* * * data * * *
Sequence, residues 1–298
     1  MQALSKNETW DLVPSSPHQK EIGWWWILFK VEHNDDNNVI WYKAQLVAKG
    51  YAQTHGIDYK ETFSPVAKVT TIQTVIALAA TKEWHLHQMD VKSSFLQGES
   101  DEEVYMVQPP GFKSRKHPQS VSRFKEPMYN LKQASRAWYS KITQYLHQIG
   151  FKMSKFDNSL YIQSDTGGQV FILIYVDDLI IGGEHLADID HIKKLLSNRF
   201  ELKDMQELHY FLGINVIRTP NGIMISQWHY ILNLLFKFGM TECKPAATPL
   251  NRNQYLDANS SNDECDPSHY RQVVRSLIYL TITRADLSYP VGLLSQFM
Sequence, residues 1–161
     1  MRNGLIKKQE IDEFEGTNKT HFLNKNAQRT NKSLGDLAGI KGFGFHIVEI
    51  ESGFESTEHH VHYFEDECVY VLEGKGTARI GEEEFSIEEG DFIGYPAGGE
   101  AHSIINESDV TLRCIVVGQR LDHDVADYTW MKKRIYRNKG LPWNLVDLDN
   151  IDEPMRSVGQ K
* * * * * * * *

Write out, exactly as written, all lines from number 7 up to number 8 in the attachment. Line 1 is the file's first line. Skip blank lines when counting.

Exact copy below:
   251  NRNQYLDANS SNDECDPSHY RQVVRSLIYL TITRADLSYP VGLLSQFM
Sequence, residues 1–161